What we wound up with closely resembles a dish called sirene po shopski , which combines cheese, egg, tomato, chili pepper and herbs. However, there's no real point in defining it. Gyuveche can be whatever you want it to be. There are a few suggested guidelines that can be applied to any number of ingredient combinations. The first is that there really should be sirene and kashkaval. In Bulgaria, all cheese is called one of these two names which are most often translated to "white cheese" and "yellow cheese." Sirene looks and crumbles like feta but, unlike its Greek lookalike, can be made from sheep, goat or cow. Kashkaval is basically everything else, any and all Bulgarian cheese that resembles something from a deli counter (cheddar, muenster, swiss, emmental, etc). At the bottom of your finished product, sirene will remain fluffy, a lot like scrambled eggs. At the top, the kashkaval will provide a melted seal.
It is a very simple casserole with no added liquid or starch needed. The gyuveche is sometimes referred to as 'the original crock pot.' It steams, boils and bakes its contents all at once. The sirene goes into the pot first. No oil. The brined cheese exudes enough liquid when cooked that there's absolutely no way it will stick. Whatever else you have goes on top of the sirene and then sliced kashkaval covers it all. In the case of sirene po shopski, along with many other gyuveche meals, an egg is cracked on top. The savory icing on your layer cake.
Once the egg is added, recover and cook for another 10 minutes (less for a runnier yolk if using the cracked egg method).
Garnish with ground black pepper and fresh herbs and wait at least a minute or two before serving. We know it smells too good to wait, but tomatoes can be a real tongue-burner.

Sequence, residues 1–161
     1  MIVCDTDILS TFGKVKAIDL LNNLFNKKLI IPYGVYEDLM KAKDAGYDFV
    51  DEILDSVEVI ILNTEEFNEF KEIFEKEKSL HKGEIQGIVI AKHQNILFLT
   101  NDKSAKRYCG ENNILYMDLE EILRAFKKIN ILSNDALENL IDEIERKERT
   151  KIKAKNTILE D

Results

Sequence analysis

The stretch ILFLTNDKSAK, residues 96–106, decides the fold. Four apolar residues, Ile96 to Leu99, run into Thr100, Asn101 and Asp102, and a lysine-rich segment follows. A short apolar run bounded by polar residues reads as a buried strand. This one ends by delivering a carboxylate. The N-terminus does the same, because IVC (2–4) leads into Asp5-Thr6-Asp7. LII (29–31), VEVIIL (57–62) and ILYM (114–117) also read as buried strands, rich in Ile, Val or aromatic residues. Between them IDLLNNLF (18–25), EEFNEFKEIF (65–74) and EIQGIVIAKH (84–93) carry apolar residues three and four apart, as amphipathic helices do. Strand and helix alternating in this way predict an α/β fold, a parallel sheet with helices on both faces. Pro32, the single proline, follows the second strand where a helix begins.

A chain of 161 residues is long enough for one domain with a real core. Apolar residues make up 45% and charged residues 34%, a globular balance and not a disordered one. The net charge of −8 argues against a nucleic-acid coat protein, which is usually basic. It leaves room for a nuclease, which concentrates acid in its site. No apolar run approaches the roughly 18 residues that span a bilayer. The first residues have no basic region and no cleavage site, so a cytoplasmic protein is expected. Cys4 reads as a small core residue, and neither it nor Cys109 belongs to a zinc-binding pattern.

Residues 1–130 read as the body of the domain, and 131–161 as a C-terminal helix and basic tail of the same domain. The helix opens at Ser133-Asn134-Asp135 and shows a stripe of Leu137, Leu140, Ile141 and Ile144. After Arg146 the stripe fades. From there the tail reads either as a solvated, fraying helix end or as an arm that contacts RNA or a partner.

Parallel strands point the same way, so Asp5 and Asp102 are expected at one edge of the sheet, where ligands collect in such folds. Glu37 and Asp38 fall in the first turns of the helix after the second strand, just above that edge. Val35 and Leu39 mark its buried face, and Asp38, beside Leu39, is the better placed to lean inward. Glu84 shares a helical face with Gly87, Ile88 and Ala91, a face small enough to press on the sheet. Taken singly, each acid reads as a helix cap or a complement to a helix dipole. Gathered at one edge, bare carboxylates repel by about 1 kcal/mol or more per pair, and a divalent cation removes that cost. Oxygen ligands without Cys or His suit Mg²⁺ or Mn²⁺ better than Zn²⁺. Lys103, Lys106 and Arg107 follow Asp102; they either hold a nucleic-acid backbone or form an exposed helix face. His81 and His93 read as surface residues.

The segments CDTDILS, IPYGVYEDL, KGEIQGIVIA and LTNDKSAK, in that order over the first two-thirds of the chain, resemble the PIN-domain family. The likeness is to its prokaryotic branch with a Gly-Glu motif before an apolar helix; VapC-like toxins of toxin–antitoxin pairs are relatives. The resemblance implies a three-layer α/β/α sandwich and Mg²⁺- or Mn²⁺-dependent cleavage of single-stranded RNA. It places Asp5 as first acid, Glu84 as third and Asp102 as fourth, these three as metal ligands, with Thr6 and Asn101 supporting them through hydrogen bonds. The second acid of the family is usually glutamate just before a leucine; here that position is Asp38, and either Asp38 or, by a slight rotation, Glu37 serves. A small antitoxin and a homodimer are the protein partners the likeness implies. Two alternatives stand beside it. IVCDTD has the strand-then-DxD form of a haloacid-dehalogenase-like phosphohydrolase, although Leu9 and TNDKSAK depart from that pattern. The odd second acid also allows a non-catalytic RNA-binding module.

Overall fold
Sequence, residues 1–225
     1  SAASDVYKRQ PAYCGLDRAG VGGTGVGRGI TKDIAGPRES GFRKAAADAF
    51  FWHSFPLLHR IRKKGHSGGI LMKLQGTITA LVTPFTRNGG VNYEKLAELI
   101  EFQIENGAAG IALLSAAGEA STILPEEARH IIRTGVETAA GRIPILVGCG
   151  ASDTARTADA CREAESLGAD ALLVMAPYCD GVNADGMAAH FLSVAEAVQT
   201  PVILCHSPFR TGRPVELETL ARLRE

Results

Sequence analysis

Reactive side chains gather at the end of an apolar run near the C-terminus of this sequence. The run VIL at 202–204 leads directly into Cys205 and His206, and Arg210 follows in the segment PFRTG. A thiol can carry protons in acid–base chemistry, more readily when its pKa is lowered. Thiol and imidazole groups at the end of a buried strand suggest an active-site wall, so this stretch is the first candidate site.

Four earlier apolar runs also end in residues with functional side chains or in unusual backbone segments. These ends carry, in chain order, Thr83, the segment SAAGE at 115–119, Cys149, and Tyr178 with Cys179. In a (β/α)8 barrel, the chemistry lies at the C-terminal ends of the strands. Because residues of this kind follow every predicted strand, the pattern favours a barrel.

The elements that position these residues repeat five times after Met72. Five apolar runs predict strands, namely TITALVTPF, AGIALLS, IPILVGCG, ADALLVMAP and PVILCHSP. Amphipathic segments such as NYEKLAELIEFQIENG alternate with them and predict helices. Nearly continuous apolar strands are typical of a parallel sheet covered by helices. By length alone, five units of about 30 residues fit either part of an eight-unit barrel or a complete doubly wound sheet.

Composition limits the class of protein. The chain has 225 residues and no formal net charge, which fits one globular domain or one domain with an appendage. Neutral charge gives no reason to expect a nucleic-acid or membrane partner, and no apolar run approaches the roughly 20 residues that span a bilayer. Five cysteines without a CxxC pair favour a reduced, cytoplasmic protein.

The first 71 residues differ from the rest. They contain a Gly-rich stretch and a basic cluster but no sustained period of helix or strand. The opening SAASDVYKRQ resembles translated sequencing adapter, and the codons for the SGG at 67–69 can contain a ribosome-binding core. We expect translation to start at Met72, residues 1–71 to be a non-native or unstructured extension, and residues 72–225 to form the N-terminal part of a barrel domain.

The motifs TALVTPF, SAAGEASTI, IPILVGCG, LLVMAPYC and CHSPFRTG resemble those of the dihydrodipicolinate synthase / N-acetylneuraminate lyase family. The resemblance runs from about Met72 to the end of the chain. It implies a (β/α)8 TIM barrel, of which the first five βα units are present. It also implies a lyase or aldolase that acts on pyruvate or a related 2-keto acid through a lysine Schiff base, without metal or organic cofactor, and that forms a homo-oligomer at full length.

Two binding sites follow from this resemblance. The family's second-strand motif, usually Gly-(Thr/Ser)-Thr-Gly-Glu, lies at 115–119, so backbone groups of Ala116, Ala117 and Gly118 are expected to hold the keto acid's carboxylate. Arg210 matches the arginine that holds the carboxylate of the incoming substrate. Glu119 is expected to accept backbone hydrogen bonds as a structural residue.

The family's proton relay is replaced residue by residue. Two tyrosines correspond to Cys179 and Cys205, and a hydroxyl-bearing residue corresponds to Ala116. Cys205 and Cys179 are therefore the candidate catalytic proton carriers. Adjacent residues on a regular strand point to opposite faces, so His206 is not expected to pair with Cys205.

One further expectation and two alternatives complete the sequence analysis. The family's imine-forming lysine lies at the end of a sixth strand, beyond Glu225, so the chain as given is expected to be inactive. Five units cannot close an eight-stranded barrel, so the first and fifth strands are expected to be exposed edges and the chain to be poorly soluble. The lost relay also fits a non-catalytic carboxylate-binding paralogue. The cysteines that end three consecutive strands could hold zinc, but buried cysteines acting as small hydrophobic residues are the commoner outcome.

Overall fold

Our Gyuveche Recipe - Sirene po Shopski with Olives and Peas
makes two single-serving pots
1 large tomato
3 small hot peppers
1/2 frozen peas (defrosted)
3/4 cup crumbled sirene (outside of Bulgaria, go with feta)
about 3 cubic inches of kashkaval (cheddar, emmental or even mozzarella would work)
fresh rosemary (parsley would be ideal, any herb will do)
8 large green olives - ours were stuffed with almonds, which was a nice touch
*please don't just stick to these ingredients, have fun with it! salt is not listed because the cheese should give you a good dose.
- Preheat oven to 375° F.
- Dice tomato, peppers, onion and olives. Tomato should be a little larger than the rest, about the size of a die.
- Crumble your white cheese into the bottom of each gyuveche until you have a good base layer.
- Add your diced vegetables, as well as your peas and a few sprigs of fresh rosemary.
- Slice your yellow cheese and lay over the top. Allow some veggie to peak through.
- Lid your pots, place in oven and cook for 20 minutes.
- Put on an oven mitt and THEN uncover each pot and add in your egg by either cracking it right in or beating it and pouring it over. Cook for another 10 minutes.
- Remove from oven and let sit for a minute or two. Garnish with black pepper, some more fresh herbs and enjoy.
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